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Abstract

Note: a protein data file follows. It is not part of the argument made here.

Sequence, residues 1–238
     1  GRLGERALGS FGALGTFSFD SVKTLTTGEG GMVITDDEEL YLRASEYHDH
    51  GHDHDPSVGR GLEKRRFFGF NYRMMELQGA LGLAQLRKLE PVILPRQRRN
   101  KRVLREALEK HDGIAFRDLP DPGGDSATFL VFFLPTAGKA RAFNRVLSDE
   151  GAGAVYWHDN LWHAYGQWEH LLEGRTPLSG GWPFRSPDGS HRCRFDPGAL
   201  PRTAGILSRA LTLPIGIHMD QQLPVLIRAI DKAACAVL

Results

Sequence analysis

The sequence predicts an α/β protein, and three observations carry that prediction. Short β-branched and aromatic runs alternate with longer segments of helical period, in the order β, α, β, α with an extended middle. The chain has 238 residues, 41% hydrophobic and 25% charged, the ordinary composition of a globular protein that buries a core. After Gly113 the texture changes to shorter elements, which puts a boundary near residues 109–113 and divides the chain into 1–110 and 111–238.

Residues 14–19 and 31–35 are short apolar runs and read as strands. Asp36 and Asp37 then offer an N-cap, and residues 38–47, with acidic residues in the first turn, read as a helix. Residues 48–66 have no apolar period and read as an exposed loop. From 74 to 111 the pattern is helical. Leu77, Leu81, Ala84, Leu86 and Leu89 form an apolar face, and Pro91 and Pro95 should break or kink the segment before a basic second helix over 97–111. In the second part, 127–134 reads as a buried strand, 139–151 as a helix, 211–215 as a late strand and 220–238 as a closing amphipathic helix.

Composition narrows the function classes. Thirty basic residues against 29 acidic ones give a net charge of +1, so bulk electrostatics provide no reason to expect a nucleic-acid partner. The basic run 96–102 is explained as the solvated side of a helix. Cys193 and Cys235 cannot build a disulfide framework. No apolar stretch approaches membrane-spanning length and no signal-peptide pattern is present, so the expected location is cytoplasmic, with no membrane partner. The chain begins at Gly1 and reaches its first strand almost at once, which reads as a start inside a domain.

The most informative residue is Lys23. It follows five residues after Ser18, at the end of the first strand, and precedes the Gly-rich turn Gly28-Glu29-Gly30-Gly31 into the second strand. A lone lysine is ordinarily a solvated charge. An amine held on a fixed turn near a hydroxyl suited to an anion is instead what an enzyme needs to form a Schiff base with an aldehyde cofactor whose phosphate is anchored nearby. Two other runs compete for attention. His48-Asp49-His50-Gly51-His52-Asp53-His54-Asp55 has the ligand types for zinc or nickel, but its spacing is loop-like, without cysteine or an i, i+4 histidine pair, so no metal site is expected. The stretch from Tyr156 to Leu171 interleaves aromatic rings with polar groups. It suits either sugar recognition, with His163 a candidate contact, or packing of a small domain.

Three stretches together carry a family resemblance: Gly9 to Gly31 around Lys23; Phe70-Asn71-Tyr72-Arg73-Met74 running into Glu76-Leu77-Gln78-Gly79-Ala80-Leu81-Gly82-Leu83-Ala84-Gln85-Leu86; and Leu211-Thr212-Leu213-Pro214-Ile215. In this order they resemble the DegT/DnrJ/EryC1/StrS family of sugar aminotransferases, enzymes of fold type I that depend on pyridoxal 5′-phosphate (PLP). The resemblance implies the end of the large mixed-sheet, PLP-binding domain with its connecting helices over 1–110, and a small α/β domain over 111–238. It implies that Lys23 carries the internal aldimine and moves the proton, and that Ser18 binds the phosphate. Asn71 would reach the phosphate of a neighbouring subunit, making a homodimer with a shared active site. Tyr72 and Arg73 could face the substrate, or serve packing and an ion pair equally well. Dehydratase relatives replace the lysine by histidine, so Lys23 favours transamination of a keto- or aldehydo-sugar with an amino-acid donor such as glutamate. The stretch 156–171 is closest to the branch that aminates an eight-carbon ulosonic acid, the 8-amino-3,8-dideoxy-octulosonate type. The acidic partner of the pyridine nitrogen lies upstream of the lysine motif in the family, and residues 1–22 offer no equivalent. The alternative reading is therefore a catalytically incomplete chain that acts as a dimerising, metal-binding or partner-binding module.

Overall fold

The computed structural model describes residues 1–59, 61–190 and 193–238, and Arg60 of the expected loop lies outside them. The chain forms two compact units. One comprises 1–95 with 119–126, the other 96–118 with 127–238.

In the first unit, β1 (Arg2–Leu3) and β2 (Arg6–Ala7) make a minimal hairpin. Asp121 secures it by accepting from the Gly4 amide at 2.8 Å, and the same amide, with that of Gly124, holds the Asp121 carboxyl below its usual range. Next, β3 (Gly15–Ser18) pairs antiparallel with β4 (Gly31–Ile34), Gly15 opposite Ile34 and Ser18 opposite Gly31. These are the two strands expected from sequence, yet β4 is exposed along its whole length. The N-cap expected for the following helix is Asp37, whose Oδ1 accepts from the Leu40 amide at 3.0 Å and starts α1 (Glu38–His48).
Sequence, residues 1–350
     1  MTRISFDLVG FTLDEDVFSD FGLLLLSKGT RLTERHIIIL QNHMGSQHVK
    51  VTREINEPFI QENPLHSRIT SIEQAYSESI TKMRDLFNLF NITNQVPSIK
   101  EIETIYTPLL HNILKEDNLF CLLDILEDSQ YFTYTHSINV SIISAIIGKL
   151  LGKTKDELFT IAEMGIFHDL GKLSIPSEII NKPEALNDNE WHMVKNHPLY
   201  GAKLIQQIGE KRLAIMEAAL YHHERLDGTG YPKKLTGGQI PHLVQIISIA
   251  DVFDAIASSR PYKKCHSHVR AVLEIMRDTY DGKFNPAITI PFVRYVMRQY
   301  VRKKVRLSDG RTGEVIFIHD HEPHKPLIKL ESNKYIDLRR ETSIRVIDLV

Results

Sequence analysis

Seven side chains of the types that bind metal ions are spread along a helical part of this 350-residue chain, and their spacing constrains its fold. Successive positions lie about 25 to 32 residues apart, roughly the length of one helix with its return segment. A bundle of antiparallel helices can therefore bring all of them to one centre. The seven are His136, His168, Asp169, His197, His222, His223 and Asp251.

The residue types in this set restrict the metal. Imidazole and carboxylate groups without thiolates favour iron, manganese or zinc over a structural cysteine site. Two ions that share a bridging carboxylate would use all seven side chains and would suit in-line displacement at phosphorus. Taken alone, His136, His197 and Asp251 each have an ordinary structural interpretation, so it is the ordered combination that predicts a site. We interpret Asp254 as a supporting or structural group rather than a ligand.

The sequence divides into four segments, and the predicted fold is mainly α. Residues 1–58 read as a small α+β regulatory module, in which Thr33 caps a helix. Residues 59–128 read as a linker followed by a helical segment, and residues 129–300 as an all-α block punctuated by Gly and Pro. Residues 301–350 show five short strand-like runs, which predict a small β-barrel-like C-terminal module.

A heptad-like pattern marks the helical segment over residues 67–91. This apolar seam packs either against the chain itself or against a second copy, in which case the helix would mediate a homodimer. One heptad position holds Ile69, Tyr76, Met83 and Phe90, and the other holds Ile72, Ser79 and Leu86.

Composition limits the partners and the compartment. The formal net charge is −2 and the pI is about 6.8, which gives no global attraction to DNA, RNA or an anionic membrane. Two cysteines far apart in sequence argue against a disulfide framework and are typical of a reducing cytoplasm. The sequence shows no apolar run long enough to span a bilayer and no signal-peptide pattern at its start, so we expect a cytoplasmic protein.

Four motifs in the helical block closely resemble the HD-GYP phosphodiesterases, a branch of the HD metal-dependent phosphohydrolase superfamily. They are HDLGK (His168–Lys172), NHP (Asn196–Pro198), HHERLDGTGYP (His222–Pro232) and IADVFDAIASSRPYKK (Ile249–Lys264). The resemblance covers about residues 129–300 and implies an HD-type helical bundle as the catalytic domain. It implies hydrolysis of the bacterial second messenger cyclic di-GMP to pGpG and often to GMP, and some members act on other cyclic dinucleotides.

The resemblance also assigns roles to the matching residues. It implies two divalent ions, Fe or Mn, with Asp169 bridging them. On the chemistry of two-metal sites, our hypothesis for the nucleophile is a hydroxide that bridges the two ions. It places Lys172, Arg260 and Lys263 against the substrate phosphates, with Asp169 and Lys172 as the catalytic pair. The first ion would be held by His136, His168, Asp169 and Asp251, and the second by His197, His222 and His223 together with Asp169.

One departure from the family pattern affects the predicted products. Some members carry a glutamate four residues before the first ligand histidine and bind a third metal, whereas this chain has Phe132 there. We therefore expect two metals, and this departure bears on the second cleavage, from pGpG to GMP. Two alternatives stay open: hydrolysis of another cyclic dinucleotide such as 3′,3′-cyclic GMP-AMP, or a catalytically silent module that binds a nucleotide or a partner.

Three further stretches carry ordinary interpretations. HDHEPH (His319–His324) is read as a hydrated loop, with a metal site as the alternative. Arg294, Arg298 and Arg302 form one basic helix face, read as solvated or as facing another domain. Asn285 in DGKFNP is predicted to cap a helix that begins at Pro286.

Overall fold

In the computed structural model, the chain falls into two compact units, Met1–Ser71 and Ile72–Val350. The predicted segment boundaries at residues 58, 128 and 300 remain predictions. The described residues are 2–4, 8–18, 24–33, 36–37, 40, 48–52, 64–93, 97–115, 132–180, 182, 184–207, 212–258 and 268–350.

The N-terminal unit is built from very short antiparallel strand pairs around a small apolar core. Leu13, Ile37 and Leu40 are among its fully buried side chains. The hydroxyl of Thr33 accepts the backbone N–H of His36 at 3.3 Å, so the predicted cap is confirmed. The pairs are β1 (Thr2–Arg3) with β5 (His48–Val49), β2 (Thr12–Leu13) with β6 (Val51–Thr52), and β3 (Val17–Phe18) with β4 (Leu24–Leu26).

The multilateralisation of regionalism takes different forms when applied to deep versus shallow regional trade agreements (RTAs). Shallow agreements focus on discriminatory tariffs; hence, multilateralisation strives mainly to reduce discrimination. Deep agreements focus on the disciplines necessary to foster international production sharing; key provisions often resembling unilateral liberalisations that just happen to be bound by an RTA. In this case, multilateralisation achieves network externalities and solves co-ordination problems. This paper suggests a novel framework for thinking about the costs and benefits of multilateralising the provisions in deep RTAs, including those that seem set to appear in the Trans-Pacific Partnership (TPP) and the Trans-Atlantic Trade and Investment Partnership (TTIP).

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